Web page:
Dispute Resolution in Thailand

Achieving a dispute settlement in a court of law requires navigating complex litigation procedures. Often, the process is long and adversarial.

Chandler MHM Limited’s dispute resolution practice includes an experienced team of local and international practitioners. Among them, practice leader Waree Shinsirikul handles bankruptcy and rehabilitation proceedings as well as commercial litigation, while Nathee Silacharoen advises on labour and employment disputes.


As Thailand continues to thrive on joint public and private investment, and sees a rise in private property purchases, the volume of disputes being referred to court is growing. This has placed an additional strain on an already overburdened judiciary.

The courts are attempting to encourage the use of alternative dispute resolution methods such as arbitration and mediation. Compulsory mediation is available in some cases, including family and employment disputes.

Arbitration differs from mediation in that it is a formal process during which arbitrators judge and decide a case, with the decision being binding on the parties. The process is usually conducted outside of a court proceedings, but can be part of a court-supervised process as well.

The Thai legal system does not provide for discovery procedures in judicial proceedings. However, the judiciary does promote mediation and arbitration, and is working to become more foreign arbitrator friendly. The country is a signatory to the New York Convention, which enables foreign arbitral awards to be enforced in Thailand.


As a country that values good communication, Thai law has a strong bias towards mediation. It is the norm for courts to order parties to attempt conciliation before a trial on any matter.

Conciliation involves meeting with opposing parties in a private room and looking for common ground. Often, this can eliminate misunderstandings based on misinformation or assumptions and lead to an amicable solution that avoids litigation.

Lawsuits are expensive, time-consuming, and stressful for everyone involved. By utilizing conciliation, disputing parties can meet at a convenient time, in a more casual setting, and pay much less than they would filing a lawsuit.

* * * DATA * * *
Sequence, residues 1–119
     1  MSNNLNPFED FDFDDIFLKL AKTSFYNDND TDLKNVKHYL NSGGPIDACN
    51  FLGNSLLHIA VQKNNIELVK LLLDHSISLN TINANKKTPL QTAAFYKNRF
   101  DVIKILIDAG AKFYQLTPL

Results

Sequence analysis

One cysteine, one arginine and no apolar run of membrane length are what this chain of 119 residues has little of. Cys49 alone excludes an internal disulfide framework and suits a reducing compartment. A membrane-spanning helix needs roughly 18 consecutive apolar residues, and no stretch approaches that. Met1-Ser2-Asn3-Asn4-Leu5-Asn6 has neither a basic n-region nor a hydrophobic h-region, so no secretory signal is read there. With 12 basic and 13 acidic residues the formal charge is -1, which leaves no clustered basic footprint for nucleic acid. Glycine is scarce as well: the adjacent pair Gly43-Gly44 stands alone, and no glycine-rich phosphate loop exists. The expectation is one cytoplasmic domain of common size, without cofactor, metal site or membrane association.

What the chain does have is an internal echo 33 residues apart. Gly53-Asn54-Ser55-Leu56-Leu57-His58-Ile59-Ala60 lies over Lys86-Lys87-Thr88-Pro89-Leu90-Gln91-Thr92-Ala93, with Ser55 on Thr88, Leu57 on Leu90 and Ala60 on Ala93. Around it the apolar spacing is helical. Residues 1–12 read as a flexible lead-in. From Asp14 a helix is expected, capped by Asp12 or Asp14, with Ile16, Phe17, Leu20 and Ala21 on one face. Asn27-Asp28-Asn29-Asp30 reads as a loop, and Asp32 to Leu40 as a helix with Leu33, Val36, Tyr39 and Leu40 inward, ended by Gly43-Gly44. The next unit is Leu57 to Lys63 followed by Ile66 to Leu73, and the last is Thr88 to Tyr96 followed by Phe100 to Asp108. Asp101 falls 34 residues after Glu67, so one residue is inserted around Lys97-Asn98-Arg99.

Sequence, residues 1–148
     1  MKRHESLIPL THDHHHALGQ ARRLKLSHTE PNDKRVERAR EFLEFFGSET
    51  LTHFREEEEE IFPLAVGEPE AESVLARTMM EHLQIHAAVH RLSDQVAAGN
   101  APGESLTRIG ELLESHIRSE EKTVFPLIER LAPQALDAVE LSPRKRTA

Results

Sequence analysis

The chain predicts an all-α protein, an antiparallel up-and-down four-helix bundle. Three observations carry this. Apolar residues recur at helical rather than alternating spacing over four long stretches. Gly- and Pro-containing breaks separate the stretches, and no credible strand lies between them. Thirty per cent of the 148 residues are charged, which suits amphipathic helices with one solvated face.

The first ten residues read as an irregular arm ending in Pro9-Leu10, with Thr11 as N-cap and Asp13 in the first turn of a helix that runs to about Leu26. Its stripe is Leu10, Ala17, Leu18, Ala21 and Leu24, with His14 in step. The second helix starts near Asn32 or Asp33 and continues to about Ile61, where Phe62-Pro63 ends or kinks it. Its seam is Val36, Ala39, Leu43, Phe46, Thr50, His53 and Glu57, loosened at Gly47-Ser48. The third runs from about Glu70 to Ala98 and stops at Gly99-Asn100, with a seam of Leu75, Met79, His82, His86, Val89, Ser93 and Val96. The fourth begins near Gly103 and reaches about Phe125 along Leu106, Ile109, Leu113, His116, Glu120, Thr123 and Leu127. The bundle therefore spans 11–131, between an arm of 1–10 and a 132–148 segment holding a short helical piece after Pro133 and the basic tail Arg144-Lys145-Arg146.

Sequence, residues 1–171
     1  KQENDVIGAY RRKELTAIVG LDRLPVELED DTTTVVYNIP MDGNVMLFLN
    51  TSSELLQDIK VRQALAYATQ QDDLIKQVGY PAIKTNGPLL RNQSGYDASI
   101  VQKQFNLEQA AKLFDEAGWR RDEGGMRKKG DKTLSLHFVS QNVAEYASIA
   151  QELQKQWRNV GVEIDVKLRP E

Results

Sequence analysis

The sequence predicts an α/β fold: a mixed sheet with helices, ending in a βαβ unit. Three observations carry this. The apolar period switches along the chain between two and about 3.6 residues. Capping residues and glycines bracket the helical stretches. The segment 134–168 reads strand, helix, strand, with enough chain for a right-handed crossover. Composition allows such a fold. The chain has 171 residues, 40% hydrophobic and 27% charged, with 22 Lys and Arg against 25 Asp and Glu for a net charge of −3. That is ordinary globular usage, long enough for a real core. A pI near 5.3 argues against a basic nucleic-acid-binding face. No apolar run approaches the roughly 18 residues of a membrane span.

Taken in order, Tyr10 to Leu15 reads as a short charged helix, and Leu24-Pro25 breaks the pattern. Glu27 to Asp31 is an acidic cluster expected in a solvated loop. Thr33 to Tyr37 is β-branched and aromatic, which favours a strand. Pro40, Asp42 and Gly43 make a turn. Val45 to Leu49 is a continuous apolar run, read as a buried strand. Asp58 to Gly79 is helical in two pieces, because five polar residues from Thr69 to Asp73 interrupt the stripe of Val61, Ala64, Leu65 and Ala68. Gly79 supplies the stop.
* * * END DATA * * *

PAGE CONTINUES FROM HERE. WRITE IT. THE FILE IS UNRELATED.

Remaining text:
Watson Farley & Williams Thailand has an experienced team led by partners Ratthakarn Boonnua and Kay Kian Tan to handle arbitration, litigation, and conciliation matters for clients across a range of industry sectors. In addition to domestic and cross-border disputes, the team has a strong track record of handling complex international arbitrations involving power and energy projects, shipping mandates, and insurance claims.

Pre-litigation Mediation

If your dispute relates to an international business transaction, you may be interested in mediation as an alternative resolution option to litigation. Litigation can be expensive and time consuming. A successful mediation can result in an enforceable settlement agreement that is binding on the parties.

In Thailand, the court system has an extensive list of specialised courts that have jurisdictional power to rule on certain types of disputes. These include the Intellectual Property and International Trade Court, the Labor Court, the Tax Court, and the Bankruptcy Court.

The courts encourage parties to mediate their disputes at any stage of the judicial process. The court may appoint its own conciliator or a mediator from outside the court system. The conciliation proceedings are conducted in secret, and the media is barred from the room. However, the conciliator will not discourage the presence of the parties’ attorneys and the use of caucuses with individual parties to discuss issues.

Court-supervised Mediation

In line with its culture and wider Thai society, the court encourages out-of-court mediation, including conciliation, irrespective of whether a plaint has been filed or during the litigation process. The court can order the parties to participate in a conciliation if the judge deems it appropriate or upon request of the disputing parties.

The courts have a list of conciliators, who are judges, legal professionals or retired civil servants. However, parties can also choose private mediators from a pool of trained and experienced ones who come from various professional fields such as lawyers, former judges, entrepreneur or recognized persons.

The tribunal may consist of one or three arbitrators depending on the agreement of the disputing parties. Before the commencement of conciliation, the tribunal will give both sides a list of potential arbitrators and they will have fifteen days to remove the names they do not prefer and add those they do. The tribunal will then designate the final arbitrator.

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